JURIST Guest Columnist David Kairys of Temple University School of Law says that Judge Samuel Alito's answers to senators' questions on the second day of his Supreme Court confirmation hearings reflect the views of a jurist who favors the wishes of government, corporations and the powerful over freedom, liberty and the rights of individuals…
Questioning of Judge Alito by the senators consumed a long day Tuesday. All told, both sides accomplished much in front of the TV cameras: Alito came off as a smart, likeable fellow with conservative credentials, but he's done some strange things, and some of his decisions seem at least scary.
Alito's supporters can't seem to make up their minds whether they like him because he decides cases irrespective of his personal values or because his decisions reflect personal values they like. His detractors can't seem to decide whether he's dishonest or too honest. For the most part, Alito skirted or evaded the hardest questions: whether he would overrule Roe v. Wade, or allow the president to do anything the president pleases.
Senator Specter started off with long questions on abortion and President Bush's illegal eavesdropping on Americans, but he deferred to Alito – near the end asking mildly after a long question, "Care to comment?" – and accepted vague, noncommital responses.
Specter emphasized Justice Jackson's three-part formulation of executive power in foreign affairs set out in the Steel Seizure Case during the Korean War – actions authorized by Congress, actions repudiated by Congress, and a "zone of twilight" in-between (perhaps anticipating the popular Rod Serling TV series). Alito and several senators liked the Jackson formulation as a general framework, and it became the hands-down winning judicial formulation of the second day of hearings.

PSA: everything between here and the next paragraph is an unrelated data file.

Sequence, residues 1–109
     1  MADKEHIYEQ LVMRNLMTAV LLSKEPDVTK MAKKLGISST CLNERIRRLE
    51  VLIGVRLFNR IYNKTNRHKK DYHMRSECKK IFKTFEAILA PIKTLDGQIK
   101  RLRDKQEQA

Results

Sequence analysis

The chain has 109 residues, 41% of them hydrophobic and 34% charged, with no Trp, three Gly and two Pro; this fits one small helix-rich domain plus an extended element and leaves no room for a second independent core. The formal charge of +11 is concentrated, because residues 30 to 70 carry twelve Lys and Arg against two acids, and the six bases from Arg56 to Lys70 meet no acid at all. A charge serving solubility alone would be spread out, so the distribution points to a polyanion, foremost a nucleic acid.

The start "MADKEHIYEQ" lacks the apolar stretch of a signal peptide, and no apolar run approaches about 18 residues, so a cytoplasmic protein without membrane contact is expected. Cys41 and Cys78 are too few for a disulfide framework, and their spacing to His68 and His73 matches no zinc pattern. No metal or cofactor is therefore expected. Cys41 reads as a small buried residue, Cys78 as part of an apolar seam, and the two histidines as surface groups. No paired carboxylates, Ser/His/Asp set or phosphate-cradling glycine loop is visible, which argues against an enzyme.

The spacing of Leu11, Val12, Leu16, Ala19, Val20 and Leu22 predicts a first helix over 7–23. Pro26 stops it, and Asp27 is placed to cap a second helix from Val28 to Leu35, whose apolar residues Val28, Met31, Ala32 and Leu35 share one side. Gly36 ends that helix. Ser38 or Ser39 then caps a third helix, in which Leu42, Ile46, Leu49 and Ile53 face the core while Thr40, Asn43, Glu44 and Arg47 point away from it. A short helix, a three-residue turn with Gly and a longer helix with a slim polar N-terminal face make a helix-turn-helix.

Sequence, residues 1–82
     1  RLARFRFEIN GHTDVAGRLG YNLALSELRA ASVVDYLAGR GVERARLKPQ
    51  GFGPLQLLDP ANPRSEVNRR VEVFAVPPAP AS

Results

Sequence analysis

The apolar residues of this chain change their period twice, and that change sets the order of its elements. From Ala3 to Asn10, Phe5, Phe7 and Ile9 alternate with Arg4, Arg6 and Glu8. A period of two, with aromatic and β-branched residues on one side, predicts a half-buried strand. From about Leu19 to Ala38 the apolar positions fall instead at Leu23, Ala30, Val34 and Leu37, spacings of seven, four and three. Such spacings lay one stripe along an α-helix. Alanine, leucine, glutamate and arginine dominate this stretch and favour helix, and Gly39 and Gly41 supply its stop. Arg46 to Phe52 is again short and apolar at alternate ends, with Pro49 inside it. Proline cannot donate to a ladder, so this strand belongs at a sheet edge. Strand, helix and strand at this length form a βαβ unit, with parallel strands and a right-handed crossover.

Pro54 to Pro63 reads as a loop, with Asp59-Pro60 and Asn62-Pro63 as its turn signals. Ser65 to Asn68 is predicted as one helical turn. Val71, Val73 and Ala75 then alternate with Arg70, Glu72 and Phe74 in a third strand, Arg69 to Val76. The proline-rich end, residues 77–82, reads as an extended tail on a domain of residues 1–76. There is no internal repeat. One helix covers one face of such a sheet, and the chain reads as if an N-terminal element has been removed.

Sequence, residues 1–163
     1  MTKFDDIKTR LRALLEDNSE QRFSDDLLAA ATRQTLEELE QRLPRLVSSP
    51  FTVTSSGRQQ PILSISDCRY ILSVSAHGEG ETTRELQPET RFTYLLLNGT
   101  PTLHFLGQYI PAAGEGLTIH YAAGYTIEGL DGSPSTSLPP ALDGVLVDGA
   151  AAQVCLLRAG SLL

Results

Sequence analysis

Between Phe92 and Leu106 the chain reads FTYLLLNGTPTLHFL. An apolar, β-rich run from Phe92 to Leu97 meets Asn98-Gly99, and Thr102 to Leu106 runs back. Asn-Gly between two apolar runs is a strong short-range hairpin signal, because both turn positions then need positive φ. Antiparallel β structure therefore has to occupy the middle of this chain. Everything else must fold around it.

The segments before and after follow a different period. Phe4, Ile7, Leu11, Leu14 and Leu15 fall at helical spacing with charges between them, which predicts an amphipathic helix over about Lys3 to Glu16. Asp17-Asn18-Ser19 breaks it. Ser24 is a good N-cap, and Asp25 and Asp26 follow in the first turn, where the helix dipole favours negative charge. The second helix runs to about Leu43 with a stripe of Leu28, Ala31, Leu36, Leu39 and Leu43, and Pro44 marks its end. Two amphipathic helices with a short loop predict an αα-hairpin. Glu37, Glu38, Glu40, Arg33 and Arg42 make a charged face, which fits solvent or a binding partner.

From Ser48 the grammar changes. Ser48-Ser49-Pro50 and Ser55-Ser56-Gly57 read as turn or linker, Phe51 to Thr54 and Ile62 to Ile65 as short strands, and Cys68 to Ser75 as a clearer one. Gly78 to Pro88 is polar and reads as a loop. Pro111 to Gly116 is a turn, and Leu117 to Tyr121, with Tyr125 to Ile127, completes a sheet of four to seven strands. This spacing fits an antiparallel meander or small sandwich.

It got scary when Senator Leahy, and later Senator Kennedy, pushed Alito on:
- President Bush's wiretapping without authorization in violation of a federal statute (and, though little discussed, the Fourth Amendment), and Bush's initial opposition to a congressional ban on torture followed by his signature on the act banning torture and a later disclaimer that it limited him at all.
- Alito's approval, in a dissent criticized by Judge Michael Chertoff, now Secretary of Homeland Security, of an unauthorized strip search of a 10-year-old girl, and of an unauthorized gunpoint "eviction" of a farmer and ransacking of his home.
- Alito's role in the Concerned Alumni of Princeton (CAP), which opposed admission of women and minorities to that once all white and male (and seldom Italian or Catholic) university.
Alito conceded that the president must follow the law, but gave no concrete indication of what limits he sees on presidential power. He had farfetched rationales – meaningful to few if any judges besides himself – for approving the searches. And he tried to sidestep the CAP issue.
His role in CAP, though it goes back to his student days, is quite troubling. In his initial response, Alito claimed to hardly remember what CAP was or whether he played any part in it. He said he was concerned about ROTC being on the campus, which CAP also was. But CAP was most known for its opposition to women and minorities on campus – which led basketball player and later Senator Bill Bradley, and Senate Republican leader Bill Frist, to publicly repudiate CAP. Alito, whose memory seems quite intact, couldn't remember why he boasted about his CAP membership on his application for a job in the Reagan Justice Department in 1985 – almost two decades later, by which time CAP was unambiguously known, and notorious, for its lament for the bygone days of Princeton's racial and gender exclusivity.